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Wednesday, September 23, 2015


Books about surviving a cataclysm are of interest to me. Also ever since Dad taught my brothers and me about nuclear energy and energy plants I have worried about the danger. The first line on the first page reading, “I built an igloo against the cold out of black plastic trash bags filled with wet leaves,” was my hook.

The voice is that of 16 year-old Emily Shepard. Her dad is the chief engineer of a Vermont nuclear power plant and her mother in charge of communications. Both parents are raging alcoholics and very unhappy people. Though Emily is very bright and does love her family, home, and pet dearly, she acts out both at home and at school and appears to have behavioral problems even before the disaster. When there is a terrible explosion at the plant and thousands are immediately evacuated Emily is thrown into the world orphaned, homeless, powerless, with no money and no idea of where to turn. Not only are both of her parents killed at the plant, but the news media and and most people think it was Mr. Shepard who was responsible for the catastrophe. Emily can never go home to the contaminated area even leaving behind her dog, Maggie. The heartbreak in the book of Emily is almost tangible. Bohjalian makes the reader feel her anger, frustration, and hopelessness, but also her determination and resourcefulness.

Because of the rabid animosity Emily detects towards her and her family she decides to flee the social workers who are trying to help. She ends up in nearby Burlington surviving by her wits, stealing, hanging with drug users, visiting shelters, and inventing a new identity. She is also cutting herself and having sex for money at truck stops. She is an angry young woman and the harsh language and graphic sexual encounters show that.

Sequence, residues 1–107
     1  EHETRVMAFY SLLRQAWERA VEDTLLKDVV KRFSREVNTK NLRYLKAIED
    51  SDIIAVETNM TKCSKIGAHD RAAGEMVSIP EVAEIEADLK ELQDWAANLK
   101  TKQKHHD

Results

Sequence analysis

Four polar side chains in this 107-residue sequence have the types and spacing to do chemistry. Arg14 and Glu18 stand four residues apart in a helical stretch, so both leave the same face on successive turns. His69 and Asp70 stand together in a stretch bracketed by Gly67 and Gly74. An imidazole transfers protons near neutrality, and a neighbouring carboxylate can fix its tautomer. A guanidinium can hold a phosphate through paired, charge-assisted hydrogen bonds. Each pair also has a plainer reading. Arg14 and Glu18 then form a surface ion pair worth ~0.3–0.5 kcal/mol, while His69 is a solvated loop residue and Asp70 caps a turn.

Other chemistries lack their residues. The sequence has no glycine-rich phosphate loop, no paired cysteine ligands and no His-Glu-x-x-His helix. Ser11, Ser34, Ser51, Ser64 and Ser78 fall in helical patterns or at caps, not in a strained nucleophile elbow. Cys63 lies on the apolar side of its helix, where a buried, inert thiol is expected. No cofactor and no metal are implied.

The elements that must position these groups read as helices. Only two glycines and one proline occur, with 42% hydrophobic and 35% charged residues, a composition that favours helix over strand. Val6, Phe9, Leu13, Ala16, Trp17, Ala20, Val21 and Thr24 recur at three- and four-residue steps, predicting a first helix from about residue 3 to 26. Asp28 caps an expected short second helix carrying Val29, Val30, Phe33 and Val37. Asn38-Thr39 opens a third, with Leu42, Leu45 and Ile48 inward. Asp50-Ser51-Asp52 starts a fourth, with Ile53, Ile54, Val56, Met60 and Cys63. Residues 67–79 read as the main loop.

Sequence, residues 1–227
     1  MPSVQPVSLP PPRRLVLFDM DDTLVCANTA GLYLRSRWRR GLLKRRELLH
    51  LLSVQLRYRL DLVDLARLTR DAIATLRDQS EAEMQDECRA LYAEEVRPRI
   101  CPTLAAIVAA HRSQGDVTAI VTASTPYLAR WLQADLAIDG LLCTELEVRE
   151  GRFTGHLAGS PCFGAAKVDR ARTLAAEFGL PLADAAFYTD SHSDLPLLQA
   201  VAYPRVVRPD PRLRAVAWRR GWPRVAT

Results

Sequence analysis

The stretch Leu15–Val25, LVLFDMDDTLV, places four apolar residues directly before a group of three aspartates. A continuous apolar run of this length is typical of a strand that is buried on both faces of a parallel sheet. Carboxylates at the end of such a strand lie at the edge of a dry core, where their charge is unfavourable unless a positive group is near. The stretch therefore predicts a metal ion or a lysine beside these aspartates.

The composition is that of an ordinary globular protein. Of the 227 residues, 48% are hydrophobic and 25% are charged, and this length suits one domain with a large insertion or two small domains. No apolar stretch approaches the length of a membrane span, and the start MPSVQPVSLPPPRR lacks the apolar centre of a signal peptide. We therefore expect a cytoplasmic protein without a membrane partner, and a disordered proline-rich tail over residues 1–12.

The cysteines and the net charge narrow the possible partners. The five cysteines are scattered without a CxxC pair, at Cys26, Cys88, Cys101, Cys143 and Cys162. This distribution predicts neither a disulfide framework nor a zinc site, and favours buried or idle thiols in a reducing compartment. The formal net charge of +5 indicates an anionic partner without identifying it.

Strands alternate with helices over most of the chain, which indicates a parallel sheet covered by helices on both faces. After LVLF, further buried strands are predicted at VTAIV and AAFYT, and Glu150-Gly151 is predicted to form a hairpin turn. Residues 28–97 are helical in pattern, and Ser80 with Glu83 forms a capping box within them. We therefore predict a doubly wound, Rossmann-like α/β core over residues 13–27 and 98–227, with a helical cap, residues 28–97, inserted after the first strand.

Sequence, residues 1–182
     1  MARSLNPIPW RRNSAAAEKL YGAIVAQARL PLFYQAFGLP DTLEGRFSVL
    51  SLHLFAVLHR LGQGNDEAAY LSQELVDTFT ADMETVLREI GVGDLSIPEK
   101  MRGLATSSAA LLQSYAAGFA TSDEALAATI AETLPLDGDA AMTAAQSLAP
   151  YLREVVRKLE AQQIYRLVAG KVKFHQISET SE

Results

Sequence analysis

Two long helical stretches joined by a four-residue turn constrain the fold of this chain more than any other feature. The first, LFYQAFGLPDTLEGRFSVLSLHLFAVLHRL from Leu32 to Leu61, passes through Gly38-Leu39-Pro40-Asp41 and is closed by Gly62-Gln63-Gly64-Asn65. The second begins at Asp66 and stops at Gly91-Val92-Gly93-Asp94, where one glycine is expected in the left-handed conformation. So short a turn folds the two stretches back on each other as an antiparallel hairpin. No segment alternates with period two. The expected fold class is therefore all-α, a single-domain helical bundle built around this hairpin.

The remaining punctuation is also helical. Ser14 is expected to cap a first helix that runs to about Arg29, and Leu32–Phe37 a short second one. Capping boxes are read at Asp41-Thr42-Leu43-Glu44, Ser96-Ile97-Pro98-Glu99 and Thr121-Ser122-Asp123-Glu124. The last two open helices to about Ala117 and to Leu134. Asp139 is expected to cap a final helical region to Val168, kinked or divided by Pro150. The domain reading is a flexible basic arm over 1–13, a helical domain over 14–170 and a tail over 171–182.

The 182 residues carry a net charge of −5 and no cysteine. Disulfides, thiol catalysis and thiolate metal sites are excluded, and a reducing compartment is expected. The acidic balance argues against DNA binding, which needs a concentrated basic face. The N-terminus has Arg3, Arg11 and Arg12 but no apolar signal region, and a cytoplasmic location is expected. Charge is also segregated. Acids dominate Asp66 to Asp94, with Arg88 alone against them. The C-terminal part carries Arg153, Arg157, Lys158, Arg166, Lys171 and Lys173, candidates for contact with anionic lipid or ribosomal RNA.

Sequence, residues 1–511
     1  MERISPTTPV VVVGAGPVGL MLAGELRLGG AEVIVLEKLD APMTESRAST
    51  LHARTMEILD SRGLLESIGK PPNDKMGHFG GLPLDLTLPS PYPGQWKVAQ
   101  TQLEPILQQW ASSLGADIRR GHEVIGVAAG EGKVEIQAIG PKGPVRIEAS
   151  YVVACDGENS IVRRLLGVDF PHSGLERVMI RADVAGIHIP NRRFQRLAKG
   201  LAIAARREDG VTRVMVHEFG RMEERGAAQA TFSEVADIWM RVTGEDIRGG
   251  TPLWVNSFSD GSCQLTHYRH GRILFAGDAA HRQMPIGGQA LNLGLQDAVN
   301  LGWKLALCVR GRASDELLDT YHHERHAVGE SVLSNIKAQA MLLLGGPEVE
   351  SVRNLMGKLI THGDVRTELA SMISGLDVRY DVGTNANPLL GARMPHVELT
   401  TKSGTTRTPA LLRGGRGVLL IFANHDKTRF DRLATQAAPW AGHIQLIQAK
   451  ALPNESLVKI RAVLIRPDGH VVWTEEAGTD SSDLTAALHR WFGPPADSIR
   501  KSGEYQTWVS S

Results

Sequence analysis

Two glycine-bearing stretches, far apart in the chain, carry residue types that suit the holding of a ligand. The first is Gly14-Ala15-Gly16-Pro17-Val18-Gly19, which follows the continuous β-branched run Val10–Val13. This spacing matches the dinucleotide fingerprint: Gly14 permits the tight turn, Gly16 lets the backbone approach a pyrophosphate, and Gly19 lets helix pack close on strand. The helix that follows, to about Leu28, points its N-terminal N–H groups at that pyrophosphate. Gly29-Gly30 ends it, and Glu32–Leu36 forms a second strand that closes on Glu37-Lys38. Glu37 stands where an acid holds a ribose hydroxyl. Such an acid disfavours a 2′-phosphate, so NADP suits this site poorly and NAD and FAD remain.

Just when it seems like there is no way for Emily to make it out of the cesspool of the dark side of Burlington there is a change. Bolstered by a friendship, her love for poetry especially that of Emily Dickinson, and her determination to protect another younger runaway, Cameron she rises to the occasion. As she spends weeks doing what she has to do to protect, feed, and shelter Cameron and herself, Emily begins to realize she has no way to escape forever. Not from danger, her grief, or her past, and she cannot run endlessly. When Cameron becomes seriously ill she realizes she can no longer keep him safe.

There were so many times that my frustration for and with Emily actually made me a bit mad. I did not care for her endless use of the “F” bomb or her flippant use of sex to get what she needed but then again I am not an expert in working with troubled youth. Why wouldn't such a child in that situation ask or seek help eventually? There are pretty complicated issues in this book, and if you can't handle thinking about how troubled runaways survive it is not for you. But if you want an edgy book to make you worry and think and maybe even perhaps gain some empathy for the homeless, pick it up at your local library for an afternoon read.  

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